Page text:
• Sleep as much as you can to allow your body to recover
  • Meditation and breathing exercises can help relieve muscle tension in the body

Prevent Infections

We understand you’ll have a lot on your mind, but you must be mindful of preventing infections. Your body is sensitive right now, so be sure to follow these tips:

  • Use a peri bottle when using the bathroom to keep your perineum clean
  • Frequently change your pad—at least four times a day
  • Wear clean, dry underwear and change it often
  • Keep incisions clean and dry
  • Don’t use tampons for the first six weeks
  • Avoid douching products

Expect Changes in Your Bathroom Routine

Your body will go through a lot below the belt. It’s only natural to experience some changes or difficulties when going to the bathroom. 

Some new moms may find it difficult to pee because their urethra is swollen or bruised. Others have trouble making it to the bathroom on time. Childbirth can interfere with the pelvic muscles and nerves, so some leakage might happen when you laugh or sneeze—it’s something that can be treated with pelvic floor therapy.

Constipation or pain associated with bowel movements is also common. This could be due to the medication you took and/or the toll the delivery took on your body. So, be sure to hydrate and eat high-fiber foods to help get things moving. Getting up and walking around after birth can also get things moving to help make bowel movements more comfortable. Drinking warm water will help stimulate the bowels, too. If it becomes an issue, ask your doctor about using stool softeners. 

thermometer with 37.0 temperature reading

Keep an Eye Out for Complications

Your body has gone through a lot, so it can be challenging to decipher between what’s normal and what’s not. That said, if you experience any of the following symptoms, be sure to contact your doctor immediately:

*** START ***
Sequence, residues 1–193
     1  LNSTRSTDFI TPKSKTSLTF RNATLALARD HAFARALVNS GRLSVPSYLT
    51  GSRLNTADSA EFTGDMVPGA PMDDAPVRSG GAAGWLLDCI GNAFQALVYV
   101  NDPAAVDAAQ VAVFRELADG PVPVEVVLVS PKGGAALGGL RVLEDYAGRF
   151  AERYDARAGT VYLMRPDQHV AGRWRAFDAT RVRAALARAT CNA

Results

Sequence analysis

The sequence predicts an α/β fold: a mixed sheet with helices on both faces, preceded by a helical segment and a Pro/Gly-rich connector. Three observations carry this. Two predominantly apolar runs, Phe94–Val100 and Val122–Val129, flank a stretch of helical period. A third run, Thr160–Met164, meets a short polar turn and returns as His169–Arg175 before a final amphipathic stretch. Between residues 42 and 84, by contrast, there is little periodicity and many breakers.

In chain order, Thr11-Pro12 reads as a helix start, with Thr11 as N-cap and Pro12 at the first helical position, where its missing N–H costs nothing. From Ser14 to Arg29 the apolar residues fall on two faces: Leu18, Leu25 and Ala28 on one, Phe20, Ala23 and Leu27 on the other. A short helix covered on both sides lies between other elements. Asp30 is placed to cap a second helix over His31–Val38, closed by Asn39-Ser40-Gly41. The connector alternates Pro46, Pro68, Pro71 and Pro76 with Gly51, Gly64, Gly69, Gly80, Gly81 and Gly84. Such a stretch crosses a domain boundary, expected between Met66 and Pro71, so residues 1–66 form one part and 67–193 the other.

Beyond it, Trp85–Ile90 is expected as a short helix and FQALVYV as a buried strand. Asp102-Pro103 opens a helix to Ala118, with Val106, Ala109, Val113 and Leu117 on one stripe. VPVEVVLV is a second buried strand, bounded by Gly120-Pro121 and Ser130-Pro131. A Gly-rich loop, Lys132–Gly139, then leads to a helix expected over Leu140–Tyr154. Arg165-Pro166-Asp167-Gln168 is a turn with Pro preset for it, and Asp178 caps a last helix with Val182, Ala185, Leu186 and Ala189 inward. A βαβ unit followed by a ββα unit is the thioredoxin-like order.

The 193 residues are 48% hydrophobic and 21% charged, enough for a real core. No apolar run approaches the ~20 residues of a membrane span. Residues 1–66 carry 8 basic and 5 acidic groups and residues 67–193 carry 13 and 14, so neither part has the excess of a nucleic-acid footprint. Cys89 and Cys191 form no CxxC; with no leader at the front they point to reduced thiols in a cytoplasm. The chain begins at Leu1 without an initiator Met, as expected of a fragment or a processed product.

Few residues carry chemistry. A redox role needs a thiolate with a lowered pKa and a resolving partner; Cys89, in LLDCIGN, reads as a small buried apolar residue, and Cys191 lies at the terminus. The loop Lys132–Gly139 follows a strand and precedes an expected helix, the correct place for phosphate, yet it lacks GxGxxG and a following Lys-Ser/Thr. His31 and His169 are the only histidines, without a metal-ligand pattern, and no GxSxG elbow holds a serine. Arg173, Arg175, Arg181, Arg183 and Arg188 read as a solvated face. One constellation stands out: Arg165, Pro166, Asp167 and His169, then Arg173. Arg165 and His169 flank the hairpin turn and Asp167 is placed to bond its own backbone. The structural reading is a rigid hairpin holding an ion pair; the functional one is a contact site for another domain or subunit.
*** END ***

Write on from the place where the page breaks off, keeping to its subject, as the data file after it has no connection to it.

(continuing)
• Excessive or heavy bleeding (if you’re changing your pad more than once an hour).
  • Fever above 100.4 degrees F
  • Thoughts of harming yourself or your baby
  • An incision that won’t heal
  • Swollen and/or painful legs
  • Intense headaches that don’t improve after taking pain medication
  • Chest pain or trouble breathing
  • Dizziness or fainting

Monitor Your Mental Health

Experiencing the baby blues after giving birth is a natural occurrence, and it usually brings feelings of irritability, sadness, and fatigue. However, if these feelings continue for weeks and begin to intensify, you may be experiencing postpartum depression (PPD). PPD symptoms can include extreme stress, loss of interest, mood swings, feelings of hopelessness, suicidal ideation, and more. If you think you may be struggling with these symptoms, contact your doctor and seek help. 

Ask for Help 

You are a Supermom for giving birth and life to this brand-new baby. But don’t think you’re expected to do everything on your own! Those first few months after a child is born require all hands on deck, so don’t hesitate to ask for the help you need. Let your partner, parents, siblings, neighbors, and friends assist you, whether watching the baby while you squeeze in a nap or making you dinner while you nurse. Embrace their love and support and allow them to lend a hand as you navigate this new and exciting chapter of your life.

A Quick Guide to Postpartum Recovery for Expecting Moms text with picture of a postpartum mom holding a baby